Not my face/photo - photo from webmd.com
What is Melasma? It is brown and grayish-brown spots on the skin, most often on the face and arms. It can also include hyperpigmentation (lighter spots). It is often referred to as the 'mask of pregnancy' because many women get it after being pregnant. The main causes are pregnancy, hormones or hormone therapy, birth control pills, and medications which make the skin photosensitive to sunlight. Read more about it at the American Academy of Dermatology website.
Many women spend hundreds of dollars to battle Melasma, only to never really see significant results, as it is so difficult to treat. Exposure to the sun worsens melasma, and using creams to treat it makes the skin even more vulnerable, increasing the need to use sunscreen and shield the skin from sunlight. Some creams temporarily lighten skin but spots eventually return, maybe even darker or grayer. Certain cosmetics like Dermablend can help cover it fairly well, but aren't cheap and can look too heavy. It's a viscious circle and many women end up very frustrated. Some sources recommend hydroquinone creams but other sources report that it has dangerous effects on the liver, thyroid, adrenal glands and could contribute to lukemia. Some doctors recommend IPL (Intense Pulse Light or Fotofacial) treatment or Fraxel Laser treatment while other reports I've seen say results are temporary or may make melasma worse.
I have been fighting melasma for about 10 years. I've never been pregnant; my melasma was caused solely by birth control pills taken to combat endometreosis and sun exposure. It has grown significantly worse in the last 3 years. I have tan and brown spots and patches on both cheeks and I cannot seem to get rid of it. I have lightened it somewhat over the years with expensive hydroquinone creams but it has always returned. I sampled TriLuma and the spots grew darker. So, I started using expensive Meladerm for the past 3 months, and have seen only very minor improvement. Additionally I have been wearing 110 SPF facial sunscreen every single day, applying it liberally on my face neck and decollatage area. I feel like the sunscreen is protecting my face and prevents new damage - but the old/existing spots remain. It is quite distressing and humiliating. I am so self conscious of it, I refuse to leave the house without full makeup which covers it pretty well. I am so tired of this. I miss the beautiful skin I had when I was young and would love to wear a lot less makeup.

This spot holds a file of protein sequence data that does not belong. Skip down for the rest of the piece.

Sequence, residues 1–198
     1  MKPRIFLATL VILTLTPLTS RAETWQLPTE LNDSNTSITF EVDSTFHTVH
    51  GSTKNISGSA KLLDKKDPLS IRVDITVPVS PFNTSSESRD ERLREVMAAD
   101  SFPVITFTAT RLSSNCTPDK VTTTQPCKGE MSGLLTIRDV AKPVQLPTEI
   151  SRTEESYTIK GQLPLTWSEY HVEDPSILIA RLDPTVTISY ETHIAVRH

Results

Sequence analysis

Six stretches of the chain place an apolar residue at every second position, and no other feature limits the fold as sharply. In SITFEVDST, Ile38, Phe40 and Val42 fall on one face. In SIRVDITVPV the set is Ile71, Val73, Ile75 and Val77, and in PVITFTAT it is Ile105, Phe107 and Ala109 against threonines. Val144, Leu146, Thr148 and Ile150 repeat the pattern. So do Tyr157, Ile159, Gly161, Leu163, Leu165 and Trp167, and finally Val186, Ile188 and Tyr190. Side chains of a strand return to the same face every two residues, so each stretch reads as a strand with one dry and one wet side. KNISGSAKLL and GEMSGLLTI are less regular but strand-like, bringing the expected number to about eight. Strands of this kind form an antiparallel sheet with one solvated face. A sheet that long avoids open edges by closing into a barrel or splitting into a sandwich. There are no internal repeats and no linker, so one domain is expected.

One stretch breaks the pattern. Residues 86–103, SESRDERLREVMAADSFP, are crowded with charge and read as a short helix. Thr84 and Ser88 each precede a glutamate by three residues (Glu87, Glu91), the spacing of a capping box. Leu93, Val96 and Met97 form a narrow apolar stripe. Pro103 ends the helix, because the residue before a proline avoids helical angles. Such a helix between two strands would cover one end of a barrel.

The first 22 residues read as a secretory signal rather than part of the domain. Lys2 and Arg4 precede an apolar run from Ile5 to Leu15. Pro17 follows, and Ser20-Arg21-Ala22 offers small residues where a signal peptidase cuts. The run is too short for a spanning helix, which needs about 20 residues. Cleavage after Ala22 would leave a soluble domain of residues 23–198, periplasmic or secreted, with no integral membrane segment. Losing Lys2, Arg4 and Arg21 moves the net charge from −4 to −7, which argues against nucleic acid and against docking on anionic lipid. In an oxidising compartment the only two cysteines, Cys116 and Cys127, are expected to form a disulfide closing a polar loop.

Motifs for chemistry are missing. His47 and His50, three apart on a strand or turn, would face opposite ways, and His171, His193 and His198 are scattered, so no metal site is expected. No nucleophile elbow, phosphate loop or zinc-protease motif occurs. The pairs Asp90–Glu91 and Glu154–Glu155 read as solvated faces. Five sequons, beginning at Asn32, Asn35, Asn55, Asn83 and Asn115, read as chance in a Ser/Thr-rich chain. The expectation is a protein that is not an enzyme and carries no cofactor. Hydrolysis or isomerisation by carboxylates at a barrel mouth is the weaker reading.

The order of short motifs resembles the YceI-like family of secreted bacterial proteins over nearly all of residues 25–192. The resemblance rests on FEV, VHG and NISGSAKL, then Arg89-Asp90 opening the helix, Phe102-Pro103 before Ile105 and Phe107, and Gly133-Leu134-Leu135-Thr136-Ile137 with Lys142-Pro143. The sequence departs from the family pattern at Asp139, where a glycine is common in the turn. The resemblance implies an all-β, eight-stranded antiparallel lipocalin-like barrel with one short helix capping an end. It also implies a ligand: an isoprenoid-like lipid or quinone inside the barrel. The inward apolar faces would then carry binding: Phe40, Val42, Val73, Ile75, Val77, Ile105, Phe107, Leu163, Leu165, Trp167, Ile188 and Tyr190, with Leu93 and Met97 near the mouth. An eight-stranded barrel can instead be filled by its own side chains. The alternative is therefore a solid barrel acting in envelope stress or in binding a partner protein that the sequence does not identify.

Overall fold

When I went to my dermatologist yesterday for my annual skin cancer check up, he recommended the IPL treatment for my melasma. He said that it would probably take 2 treatments, for a total cost of about $600 and that it should significantly lighten my spots. Doc explained the skin would be tender for a couple days, would look slightly darker after IPL treatment but would flake and peel naturally, and in a month the newer healthy skin would emerge and be lighter and brighter. He said there is a small percentage of patients who experience their spots actually darkening, and some who saw no improvement, but this number was very small. He felt it was a good option for me. He offered me the chance to get a free test spot done, so we could see how my skin reacted. Eager to try something that might work, I agreed. So, his laser technician used the IPL to do a small spot on my face on my upper right cheek. It felt like a small electric zap or maybe about as painful as the first bite of a tattoo needle. But it lasted only a few seconds. The spot is a bit smaller than a pea, and was a tiny bit sore that evening. This morning I washed my face, and lightly scratched at the area with my fingernail. A tiny bit of brown skin came off, revealing a slightly red patch underneath. I avoided putting my Meladerm lightening cream on this area, but still used it on the rest of my face, as well as my 110 SPF cream and makeup. The IPL treated spot has felt fine since, and does look slightly darker than before. They took a macro-close up shot with a digital camera so we can compare to my face for results when I come back in 30 days for follow-up.
I did not research IPL treatment before agreeing to the test spot. I decided to search online tonight for information and results. I was shocked to see a few websites where some doctors cautioned that IPL was not an effective treatment for melasma, and it could make it much worse. I found others that claimed it was effective or might provide positive results. The more I read, the more confused I am. I am not sure if those who promote it just want to sell a service for profit or if they truly have had good, safe results in their patients. I am thankful that I only had a tiny spot done and hope in 30 days I will like the way it looks. For now, I am not making any decisions about proceeding with further treatment just yet.
Do you have Melasma? Tell me your story.
If you have had IPL treatment for moderate melasma, I would love to hear your story, and your results. I wish I could hear from an experienced practitioner who has been using IPL on melasma patients and hear what your honest, actual results have been and whether you recommend it. There are so many opposing views, it is hard to know what to believe.